“We believe the city should analyze all the impacts,” he said. “It’s not our job to hire consultants to analyze impacts. That is up to the city and the developers to do. I need to show them the smoke, and they need to send the fire department to see if there is a fire. There is plenty of smoke there, and enough evidence already on the table that it triggers an obligation to do a complete study.”
But, Halbert countered, “We don’t see any smoke. We don’t chase fires when we have no evidence that they exist. We need evidence that there is a physical environmental effect on converting apartments into condos.”
In the meantime, the city’s real estate community is waiting for the smoke to clear and pondering the state of the condo conversion market these days.
“The frenzy has gone,” said Mahoney. “There aren’t as many investors out there. We’re in a more reasonable sales pace. Rather than 20 a month, maybe seven to 10 a month.”
And that’s not necessarily bad, he said.
“In general, the buyers we’re seeing are the owner/occupants, which would signal a more healthy and stabilized market,” said Mahoney. “You strip out the investors, who were competing against other investors, who were driving up the prices.”
Brian Yui, real estate author and chief executive officer of House-Rebate.com in San Diego, said the problem has been too many condo conversions coming on-line at the same time.
“They’re having to offer incentives, like a car, or HOA (homeowner association fees) payments,” said Yui. “It’s a good opportunity for buyers to get a good deal. Investors are now staying on the sidelines, thinking that prices have peaked. They are not going to be jumping in and buying as they were in the past. It’s a good time for investors to cash in their chips as far as condo speculation. Carrying costs will outweigh any benefit they would get from an increase in price for next year.”
Some have already flown the condo coop, heading to Los Angeles, looking for the next venue, said Bob Pinnegar, the executive director of the San Diego County Apartment Association.
But for those aspiring condo converters who still want to take the plunge, he cautioned, “Converting is a specialty. You have to know what you’re doing, or you can lose it all. If you are acting as your own general contractor, you can get into a bad situation with liability issues, from a construction defect standpoint.”
Mahoney’s company is selling units in a condo conversion called Alder Woods, 148 one- and two-bedroom apartments, located on 10 acres in El Cajon, selling from the low $200,000s to the low $300,000s.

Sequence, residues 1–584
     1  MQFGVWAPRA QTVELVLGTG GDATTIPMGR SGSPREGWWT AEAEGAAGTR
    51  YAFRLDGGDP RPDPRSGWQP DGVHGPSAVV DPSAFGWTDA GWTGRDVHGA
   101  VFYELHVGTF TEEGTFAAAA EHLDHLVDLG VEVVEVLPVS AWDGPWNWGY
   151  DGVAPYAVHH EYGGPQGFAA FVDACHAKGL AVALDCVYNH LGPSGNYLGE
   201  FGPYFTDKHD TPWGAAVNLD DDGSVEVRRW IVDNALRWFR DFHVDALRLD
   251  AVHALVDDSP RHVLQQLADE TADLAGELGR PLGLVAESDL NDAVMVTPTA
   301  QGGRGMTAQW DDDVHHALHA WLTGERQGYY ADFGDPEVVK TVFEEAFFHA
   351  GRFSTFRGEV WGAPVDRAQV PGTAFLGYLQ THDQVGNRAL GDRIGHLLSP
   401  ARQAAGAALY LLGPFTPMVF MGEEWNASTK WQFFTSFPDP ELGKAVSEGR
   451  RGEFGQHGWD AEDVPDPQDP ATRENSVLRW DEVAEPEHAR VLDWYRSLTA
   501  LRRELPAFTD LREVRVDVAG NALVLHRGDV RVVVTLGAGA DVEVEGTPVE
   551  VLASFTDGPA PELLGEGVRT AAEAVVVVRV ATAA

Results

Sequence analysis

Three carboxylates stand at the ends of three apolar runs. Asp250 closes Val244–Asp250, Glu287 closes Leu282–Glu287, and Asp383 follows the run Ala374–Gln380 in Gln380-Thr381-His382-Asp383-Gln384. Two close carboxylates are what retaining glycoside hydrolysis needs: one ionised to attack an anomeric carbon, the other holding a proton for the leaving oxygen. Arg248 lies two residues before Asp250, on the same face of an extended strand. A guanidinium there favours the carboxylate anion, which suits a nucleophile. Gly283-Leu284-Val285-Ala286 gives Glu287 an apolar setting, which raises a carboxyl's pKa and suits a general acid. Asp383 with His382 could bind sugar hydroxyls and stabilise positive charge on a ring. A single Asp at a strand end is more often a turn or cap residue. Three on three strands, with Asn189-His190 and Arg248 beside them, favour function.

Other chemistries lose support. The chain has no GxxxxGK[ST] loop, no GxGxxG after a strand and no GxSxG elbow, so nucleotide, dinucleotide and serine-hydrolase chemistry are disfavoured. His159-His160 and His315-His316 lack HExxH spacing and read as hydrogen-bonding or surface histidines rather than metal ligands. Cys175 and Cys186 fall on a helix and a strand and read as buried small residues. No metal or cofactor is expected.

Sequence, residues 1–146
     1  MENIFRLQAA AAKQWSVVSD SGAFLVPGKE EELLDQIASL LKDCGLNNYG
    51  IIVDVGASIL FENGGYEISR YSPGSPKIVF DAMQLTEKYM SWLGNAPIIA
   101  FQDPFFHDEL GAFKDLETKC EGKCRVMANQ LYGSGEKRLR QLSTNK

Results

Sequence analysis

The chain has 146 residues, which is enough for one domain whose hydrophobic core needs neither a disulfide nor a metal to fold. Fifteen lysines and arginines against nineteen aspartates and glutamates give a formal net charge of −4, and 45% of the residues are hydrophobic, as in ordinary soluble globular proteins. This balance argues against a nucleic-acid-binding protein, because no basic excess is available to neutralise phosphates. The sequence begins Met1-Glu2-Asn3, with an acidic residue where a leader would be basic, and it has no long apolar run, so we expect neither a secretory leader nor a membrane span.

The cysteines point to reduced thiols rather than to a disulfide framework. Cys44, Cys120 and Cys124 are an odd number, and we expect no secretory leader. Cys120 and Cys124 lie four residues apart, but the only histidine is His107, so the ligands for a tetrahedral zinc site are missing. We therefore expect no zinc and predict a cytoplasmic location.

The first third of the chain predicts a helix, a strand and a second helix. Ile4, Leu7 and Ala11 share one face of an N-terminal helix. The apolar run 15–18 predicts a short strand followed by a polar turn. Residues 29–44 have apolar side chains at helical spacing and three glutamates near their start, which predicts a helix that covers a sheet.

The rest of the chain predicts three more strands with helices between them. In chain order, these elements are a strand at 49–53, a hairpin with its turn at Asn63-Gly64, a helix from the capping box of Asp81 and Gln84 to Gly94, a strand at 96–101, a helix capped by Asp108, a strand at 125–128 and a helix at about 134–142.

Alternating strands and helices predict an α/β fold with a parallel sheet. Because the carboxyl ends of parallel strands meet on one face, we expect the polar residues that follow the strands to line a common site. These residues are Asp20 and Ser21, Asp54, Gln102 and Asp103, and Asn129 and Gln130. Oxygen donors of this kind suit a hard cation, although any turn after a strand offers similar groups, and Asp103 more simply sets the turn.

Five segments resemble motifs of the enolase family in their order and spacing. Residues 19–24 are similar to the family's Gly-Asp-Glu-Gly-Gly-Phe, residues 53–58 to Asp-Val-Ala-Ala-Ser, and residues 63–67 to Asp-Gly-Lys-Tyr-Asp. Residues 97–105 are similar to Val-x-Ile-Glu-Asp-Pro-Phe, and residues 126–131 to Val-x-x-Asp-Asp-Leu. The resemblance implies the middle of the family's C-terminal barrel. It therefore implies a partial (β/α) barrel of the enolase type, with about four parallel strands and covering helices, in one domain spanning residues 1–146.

“If it wasn’t for condo conversions, you wouldn’t have housing being offered in the $200,000 and $300,000 range,” he said. “Builders have to upgrade everything to get a higher price point to cover costs. Construction increases have really hurt. With condo conversions, there is less construction that has to go into it, just a little bit of rehab. It doesn’t require the same amount of concrete and framing.”
But how much rehabbing is necessary? Mahoney said his company wouldn’t have considered doing another “McConversion,” but instead opted to do something “out of the box,” tapping into the area’s lush green belt.
But Saldana questions those builders who are performing only “cosmetic surgery, taking a 30-year-old building, giving it a face-lift, with granite countertops.”
“That doesn’t mean you will have a good product that will last during a 30-year mortgage,” she said.
Russ Valone, the president of Market Pointe Realty Advisors, a San Diego-based market analyst, has heard similar complaints. But, he added, “I would say that most of the projects I have looked at are not just new countertops, but new windows, insulation, new roofs. Some of the buildings are 20 to 25 years old that are being converted, and a lot of these, without rehabilitation, would be approaching their useful life span. If you are an apartment owner, you either pour a lot of money in, upgrade it and up the rent, or convert it and sell. The impact is pretty much the same either way.”
Saldana’s 76th Assembly District covers the central and north portions of San Diego, including Pacific Beach, Ocean Beach, Point Loma, Hillcrest, North Park and Downtown San Diego.
“My district is ground zero, with 80 percent of permit requests, because it is the older part of San Diego,” she said. “Instead of sprawling outward, they want to put density in the central city area, which may make sense. But it impacts my constituents disproportionately.
“I saw this happen in Pacific Beach in the late ’70s and early ’80s,” she said. “Developers put in apartments, some condos, but didn’t take into account the traffic, the parking and public safety issues. By the time the zoning changed back, the long-term impact was in place. Without that long-term view of how it impacts neighborhoods, they wound up with unintended consequences.”
But, Saldana said she would prefer that local jurisdictions work out their differences, rather than state lawmakers coming in with new laws. She said she intends to sit down with Mayor Jerry Sanders early next year to discuss the issue.
Kevin Mulhern, of CB Richard Ellis in San Diego, is content to let the market work it all out.
“The market has an awfully good way of correcting itself, and already is correcting itself,” he said. “It’s best to let market forces take control, rather than imposing artificial controls when they may not be necessary.”